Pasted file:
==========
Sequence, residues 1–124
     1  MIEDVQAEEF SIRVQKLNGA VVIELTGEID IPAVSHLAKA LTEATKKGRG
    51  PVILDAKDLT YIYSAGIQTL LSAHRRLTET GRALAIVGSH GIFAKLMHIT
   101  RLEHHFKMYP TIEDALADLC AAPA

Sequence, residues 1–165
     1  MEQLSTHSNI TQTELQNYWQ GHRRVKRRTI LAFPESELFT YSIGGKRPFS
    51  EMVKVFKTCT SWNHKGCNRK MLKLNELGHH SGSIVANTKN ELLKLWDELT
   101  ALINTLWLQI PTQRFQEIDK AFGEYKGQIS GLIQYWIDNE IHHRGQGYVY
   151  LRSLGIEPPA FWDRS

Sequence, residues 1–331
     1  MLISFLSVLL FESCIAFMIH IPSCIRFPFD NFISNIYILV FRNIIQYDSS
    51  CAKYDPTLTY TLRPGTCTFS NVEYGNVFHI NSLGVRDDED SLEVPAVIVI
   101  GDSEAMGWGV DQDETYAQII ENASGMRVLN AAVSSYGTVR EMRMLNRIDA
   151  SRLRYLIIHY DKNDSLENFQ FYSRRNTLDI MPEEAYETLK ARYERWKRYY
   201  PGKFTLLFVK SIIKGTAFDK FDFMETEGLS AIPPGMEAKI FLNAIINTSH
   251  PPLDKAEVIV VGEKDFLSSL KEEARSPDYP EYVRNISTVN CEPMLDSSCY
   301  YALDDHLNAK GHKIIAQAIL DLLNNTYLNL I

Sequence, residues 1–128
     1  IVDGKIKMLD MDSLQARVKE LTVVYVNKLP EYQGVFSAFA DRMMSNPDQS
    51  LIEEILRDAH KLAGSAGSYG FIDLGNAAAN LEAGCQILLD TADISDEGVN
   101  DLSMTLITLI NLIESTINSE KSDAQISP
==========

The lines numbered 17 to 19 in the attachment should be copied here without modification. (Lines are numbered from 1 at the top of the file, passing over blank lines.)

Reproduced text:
   301  YALDDHLNAK GHKIIAQAIL DLLNNTYLNL I

Sequence, residues 1–128
     1  IVDGKIKMLD MDSLQARVKE LTVVYVNKLP EYQGVFSAFA DRMMSNPDQS